World wide bone trauma

PD | Orthopedics

It was a long day in a cold lab. I was in scrubs. It was several hours into a working session with a set of surgeons and a large collection of frozen limbs. If you have not been to multi day long cadaver labs, then you should know that the mental image you have is accurate. The surgeons were repairing broken long bones using a variety of plates and screws I had printed out of titanium nearly a month ago. My job was to use the retractors to hold open the skin and muscle for them. Later, I'd be trying to perform parts of the surgery myself. My other job was to observe and ask questions.

 

I was leading new concept development and was in collaboration with the trauma team. Although trauma sales tend to be high, they still wanted to differentiate themselves somehow from the competition.

 

My role in the project was to research the current state of affairs in trauma surgery and find a place where new technology could fit. The trauma team knew they wanted to use 3D printed titanium, and my goal was to understand how. So there I was, in the thick of it, in my scrubs. The project itself lasted about a year with a majority of the time spent on passing FDA regulations.

Do you know how trauma surgeries are treated differently through out the world? If someone comes in with a broken bone that needs to be fixed, regardless a surgeon will use rods and plates to recreate their skeleton.

 

In the EU, these plates are going to be ultimately removed once the skeleton has healed.

 

In the US, the metal is left in the body.

 

So this radically changes how you design the trauma plates to fix the bones. US surgeons want something more binding that the bone can grow into, EU surgeons want something simpler akin to zip-ties. But from spending a lot of time in the cadaver labs with surgeons and seeing how the surgeons work, we had a great idea:

 

The design principle behind the idea was a trauma plate that must be modifiable during surgery. Basically, right up until a surgeon can see what they are working with and can allow them to change anything about the titanium plate at the last minute. Previously the design principles for trauma plates were very technical, in that they had to not mechanically fail, and fit the patient's anatomy in some way.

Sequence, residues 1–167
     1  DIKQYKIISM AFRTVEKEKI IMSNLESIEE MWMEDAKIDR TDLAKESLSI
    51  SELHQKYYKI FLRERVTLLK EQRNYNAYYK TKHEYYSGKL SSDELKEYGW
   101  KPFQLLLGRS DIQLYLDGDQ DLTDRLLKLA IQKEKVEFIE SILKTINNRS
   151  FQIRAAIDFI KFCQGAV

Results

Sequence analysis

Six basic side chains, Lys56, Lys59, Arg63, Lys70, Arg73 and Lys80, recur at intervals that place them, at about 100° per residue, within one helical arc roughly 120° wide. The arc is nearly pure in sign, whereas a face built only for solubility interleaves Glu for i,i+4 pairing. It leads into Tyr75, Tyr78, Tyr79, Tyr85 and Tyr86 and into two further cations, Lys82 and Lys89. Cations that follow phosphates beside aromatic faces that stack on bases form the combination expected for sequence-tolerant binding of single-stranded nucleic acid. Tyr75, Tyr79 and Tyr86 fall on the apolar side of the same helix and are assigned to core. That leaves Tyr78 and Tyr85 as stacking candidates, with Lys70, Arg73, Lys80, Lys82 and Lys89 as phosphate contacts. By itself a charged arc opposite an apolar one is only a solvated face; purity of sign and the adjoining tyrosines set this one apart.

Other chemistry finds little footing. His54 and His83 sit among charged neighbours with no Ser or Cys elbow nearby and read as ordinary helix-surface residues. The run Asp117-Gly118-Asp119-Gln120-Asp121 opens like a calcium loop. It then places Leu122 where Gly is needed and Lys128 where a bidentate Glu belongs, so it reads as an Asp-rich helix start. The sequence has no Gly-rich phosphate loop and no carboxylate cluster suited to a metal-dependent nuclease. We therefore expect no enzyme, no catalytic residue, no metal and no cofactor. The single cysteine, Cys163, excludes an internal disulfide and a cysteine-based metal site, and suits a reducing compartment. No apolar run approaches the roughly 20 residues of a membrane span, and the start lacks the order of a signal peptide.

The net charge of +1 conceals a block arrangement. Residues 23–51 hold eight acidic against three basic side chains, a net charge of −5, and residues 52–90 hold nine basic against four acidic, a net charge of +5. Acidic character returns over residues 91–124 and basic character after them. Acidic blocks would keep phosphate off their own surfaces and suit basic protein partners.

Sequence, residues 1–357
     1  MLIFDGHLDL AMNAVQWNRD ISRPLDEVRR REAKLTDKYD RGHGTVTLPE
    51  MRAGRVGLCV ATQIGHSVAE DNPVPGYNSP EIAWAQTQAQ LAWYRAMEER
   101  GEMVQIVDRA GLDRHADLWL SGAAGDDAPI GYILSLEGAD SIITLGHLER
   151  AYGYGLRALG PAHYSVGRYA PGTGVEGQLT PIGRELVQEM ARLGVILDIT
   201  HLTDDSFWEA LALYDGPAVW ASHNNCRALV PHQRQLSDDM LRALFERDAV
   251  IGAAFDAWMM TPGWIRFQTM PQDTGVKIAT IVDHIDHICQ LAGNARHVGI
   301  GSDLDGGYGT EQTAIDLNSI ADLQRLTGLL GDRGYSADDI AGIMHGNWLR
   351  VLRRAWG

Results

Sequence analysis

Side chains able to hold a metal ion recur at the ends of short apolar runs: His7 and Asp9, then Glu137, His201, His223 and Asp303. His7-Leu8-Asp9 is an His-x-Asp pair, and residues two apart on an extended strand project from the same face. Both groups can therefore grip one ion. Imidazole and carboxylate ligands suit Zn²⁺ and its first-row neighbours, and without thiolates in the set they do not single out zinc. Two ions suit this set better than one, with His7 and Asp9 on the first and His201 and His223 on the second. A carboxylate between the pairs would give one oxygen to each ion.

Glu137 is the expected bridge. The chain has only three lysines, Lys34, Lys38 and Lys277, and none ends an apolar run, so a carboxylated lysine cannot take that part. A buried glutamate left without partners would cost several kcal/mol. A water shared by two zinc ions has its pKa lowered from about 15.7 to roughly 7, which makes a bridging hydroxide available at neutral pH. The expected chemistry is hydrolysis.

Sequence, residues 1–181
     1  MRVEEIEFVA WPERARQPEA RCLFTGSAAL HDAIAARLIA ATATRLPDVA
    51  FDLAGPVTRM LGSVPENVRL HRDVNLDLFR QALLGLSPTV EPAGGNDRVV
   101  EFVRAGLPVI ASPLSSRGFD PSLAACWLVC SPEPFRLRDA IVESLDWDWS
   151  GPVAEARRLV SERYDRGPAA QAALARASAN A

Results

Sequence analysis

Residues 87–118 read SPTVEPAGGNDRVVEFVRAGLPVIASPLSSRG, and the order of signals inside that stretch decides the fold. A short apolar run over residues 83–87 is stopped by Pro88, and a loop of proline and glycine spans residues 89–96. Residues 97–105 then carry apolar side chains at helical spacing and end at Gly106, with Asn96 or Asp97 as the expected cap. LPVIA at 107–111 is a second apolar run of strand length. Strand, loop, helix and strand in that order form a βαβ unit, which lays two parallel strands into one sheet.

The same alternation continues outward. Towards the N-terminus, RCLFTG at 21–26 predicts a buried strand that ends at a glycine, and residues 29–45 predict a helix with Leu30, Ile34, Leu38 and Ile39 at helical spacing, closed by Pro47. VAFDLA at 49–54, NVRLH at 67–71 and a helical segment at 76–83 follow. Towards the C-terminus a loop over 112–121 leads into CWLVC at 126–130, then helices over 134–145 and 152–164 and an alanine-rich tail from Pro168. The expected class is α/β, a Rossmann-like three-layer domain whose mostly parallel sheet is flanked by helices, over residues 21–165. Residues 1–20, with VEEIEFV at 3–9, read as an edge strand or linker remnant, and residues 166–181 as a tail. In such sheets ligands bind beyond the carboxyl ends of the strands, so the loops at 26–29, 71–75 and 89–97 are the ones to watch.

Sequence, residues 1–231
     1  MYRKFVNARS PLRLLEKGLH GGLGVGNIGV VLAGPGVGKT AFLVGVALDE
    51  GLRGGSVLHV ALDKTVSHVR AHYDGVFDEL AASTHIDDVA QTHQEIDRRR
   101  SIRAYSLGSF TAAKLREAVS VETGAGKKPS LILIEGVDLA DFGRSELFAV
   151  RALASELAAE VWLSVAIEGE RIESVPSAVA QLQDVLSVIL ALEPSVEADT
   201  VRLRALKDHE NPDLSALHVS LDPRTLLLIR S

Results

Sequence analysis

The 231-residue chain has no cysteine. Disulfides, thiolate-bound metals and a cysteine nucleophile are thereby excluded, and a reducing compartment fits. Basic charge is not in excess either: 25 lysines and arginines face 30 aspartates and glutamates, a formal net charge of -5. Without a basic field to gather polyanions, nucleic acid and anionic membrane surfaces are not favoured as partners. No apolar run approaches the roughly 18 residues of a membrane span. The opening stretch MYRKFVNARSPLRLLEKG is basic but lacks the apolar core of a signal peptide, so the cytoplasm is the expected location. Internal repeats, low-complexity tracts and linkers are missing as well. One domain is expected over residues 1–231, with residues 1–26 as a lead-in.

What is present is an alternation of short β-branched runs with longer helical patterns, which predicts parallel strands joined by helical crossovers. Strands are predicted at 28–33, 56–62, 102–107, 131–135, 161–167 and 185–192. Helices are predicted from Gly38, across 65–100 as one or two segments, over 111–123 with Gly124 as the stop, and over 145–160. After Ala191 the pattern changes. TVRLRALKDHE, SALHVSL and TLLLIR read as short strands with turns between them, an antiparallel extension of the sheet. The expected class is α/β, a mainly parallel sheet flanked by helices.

This was the first design principle that actually took the surgeon's work into account. This principle was from weeks spent collecting qualitative data and observations from surgeons in cadaver labs throughout the Northeastern quarter of the US and Western Europe.

 

So we invented a new plating system. The foundation was still a plate of metal, 3D printed out of titanium so that it could be strong and accommodate more types of patients. The trick was that it became a bed for totally new inserts. These little inserts were like small, titanium stamps that surgeons can mix and match, depending on the situation. Some are built flat, some are built with spikes that can grip the bone, and others are made from a titanium spongey surface that bone can grow into. The plate itself was built with grooves in case a surgeon wanted to ditch the inserts altogether and attach the bones together with wires.

 

The result was that this system paved the way for an entirely new, award winning product line that works globally and is fundamentally different than making US and EU versions of a set of traditional trauma plates. It was award winning because the patient outcome was fantastic, a surgeon could see more patients easily, and the company could manufacture these plates and stamps quickly.

 

Turns out that is possible to innovate on chunks of metal in an industry that is notoriously hard to change. The trick was to look outside of the technical specs for the patients and to consider the processes that the surgeons lived by.

 

The lesson I learned in this project that I keep in the back of my mind is that no group of people is ever isolated and designs never have a singular "user." Lasting change is created through designing for everyone involved in an elegant, cohesive way.

Footnotes:

>> You can find the patent for this design here.

>> My team also patented the method of 3D printing titanium that makes this design possible.

+ Role: User Research, Development, Testing

+ Basis for the VariAx 2 and AxSOS 3 systems